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Saturday, June 4, 2016

The Quest for the Time Bird. Serge Le Tendre (Writer), Regis Loisel (Art), Inanka Hahnenberger (Translation). Titan Books (2015)

A wonderful, sprawling heroic fantasy that takes full advantage of the genre and the possibilities of comics. The aging knight Bragon is contacted by the sorceress-princess Marsa to come out of retirement for an urgent mission. The evil  god Ramor will escape his prison and bring death and devastation to the world of Akbar if he is not stopped. The only way to stop him is to find the Time Bird, this will allow Mara halt time long enough to carry out the spells required to bind Ramor back in his prison. The time to find the Time Bird is short, there are nine days to go before Ramor will be free. Bragon has to find the conch Ramon was imprisoned in then find the Time Bird. The journey takes a long and very scenic route to a final confrontation which has unexpected consequences.
Heroic fantasy is easy to get wrong, the mechanics are considerably more subtle than they appear on the surface, there is a requirement for a degree of overwriting to capture the outsized nature of the context, it has to be carefully disciplined at the same time not to be simply overblown. Serge Le Tendre does not always get the balance right, there is a consistent tendency to tell as well as show, for heroic fantasy in comics less talking usually better. At the same time the overall structure of the story and the wonderful range of locations and the stunning cast are very powerful and engaging. The cast are given the chance to establish themselves firmly before they move to their inevitable confrontations. The story does not rest completely on Bragon's broad shoulders, there is a determined cast all wanting the readers time and attention.Serge Le Tendre treats the story and the cast with the serious care, there is no winking at the audience that everyone know who ridiculous this is. Serge Le Tendre has the professional courage to take the story and the readers seriously and this gives the whole story a vital force and depth that pays off in full at the conclusion.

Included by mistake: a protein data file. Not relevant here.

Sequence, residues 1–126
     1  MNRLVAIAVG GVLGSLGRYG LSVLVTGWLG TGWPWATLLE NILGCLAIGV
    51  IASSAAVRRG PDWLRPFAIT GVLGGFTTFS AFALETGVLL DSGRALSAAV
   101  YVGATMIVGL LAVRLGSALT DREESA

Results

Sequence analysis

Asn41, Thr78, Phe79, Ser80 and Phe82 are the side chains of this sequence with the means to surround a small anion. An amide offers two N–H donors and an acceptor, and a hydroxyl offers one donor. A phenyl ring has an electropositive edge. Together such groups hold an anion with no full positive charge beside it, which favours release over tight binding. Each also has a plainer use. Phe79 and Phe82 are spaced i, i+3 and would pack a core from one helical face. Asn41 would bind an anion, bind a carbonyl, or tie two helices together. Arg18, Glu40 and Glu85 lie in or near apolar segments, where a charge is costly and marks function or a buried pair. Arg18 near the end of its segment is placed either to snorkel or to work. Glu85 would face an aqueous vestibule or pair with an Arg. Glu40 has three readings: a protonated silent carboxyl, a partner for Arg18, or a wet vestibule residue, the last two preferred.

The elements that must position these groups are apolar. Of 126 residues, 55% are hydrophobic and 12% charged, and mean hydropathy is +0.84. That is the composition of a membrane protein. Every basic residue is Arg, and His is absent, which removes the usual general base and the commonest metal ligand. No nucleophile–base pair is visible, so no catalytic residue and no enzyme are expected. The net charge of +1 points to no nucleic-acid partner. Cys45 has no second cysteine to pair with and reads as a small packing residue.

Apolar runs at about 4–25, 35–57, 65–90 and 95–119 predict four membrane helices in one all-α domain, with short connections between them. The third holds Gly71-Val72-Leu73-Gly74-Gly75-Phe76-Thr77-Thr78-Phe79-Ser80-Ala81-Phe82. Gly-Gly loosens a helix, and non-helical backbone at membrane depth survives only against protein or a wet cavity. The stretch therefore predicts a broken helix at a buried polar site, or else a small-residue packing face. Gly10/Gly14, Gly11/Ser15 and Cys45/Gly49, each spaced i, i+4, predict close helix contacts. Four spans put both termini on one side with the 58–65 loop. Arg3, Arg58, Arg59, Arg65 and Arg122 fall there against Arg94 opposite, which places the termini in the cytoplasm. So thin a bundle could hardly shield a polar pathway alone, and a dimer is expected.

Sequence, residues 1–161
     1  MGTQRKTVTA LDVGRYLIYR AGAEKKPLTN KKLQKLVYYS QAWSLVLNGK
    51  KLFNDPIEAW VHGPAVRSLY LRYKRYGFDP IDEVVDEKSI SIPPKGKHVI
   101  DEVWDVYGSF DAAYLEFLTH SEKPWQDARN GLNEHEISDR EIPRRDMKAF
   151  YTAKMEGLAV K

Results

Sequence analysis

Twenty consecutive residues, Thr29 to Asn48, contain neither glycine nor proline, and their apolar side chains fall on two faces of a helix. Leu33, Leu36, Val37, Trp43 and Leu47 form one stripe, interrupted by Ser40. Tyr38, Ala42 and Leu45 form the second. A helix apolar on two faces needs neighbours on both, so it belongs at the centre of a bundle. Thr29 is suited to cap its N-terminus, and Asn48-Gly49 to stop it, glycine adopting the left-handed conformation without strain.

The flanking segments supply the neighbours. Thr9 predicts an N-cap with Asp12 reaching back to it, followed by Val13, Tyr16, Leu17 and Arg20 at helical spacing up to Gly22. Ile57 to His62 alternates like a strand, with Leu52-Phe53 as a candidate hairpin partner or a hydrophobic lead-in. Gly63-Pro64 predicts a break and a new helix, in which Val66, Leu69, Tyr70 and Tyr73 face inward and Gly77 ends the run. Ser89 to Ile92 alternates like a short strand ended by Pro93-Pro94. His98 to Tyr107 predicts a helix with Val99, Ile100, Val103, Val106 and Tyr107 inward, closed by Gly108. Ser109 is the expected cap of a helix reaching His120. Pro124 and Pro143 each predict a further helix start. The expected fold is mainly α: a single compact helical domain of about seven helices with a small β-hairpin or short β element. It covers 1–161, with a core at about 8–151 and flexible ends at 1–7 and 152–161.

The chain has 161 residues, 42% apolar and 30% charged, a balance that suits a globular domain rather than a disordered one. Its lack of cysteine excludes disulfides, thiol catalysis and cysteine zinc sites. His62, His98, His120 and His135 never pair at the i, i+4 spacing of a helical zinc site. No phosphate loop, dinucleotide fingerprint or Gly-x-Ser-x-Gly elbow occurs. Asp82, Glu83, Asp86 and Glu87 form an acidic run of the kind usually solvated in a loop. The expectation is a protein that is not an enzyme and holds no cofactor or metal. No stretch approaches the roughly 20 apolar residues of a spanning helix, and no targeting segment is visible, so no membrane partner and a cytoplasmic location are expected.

Regis Loisel's art is a a pleasure to read, the extremely difficult task of making a fantastic context concrete and physically present as a way to ground the action is made to look easy. The range of perspectives used give a sense of the scale of the journey as well as the different regions that exist on the world of Akbar. The details are consistently generous and frame and support the action. The cast move with great force within their context and the action is every bit as forceful as it should be. Bragon's companion the journey, Pelisse, is at first glance  set of over sized breasts on legs, the art reveals her character as much as her cleavage. She is a necessary foil to the weary experience of Bragon while creating room for a running joke that brings some nice comic relief. The colouring is everything that heroic fantasy should be, it is as big and bold as the journey, it bring the details to life and makes the world of Akbar lift off the page.
Inanka Hahnenberger' translation is transparent, while the story has a very distinct non-anglophone flavour, the words never feel other than natural in their context.
This is a feast of a comic, it takes its time to follow the heroic journey, the sweep and scope are given full reign in the art and the conclusion mixes the expected and the unexpected with flair. Wonderful in every sense.

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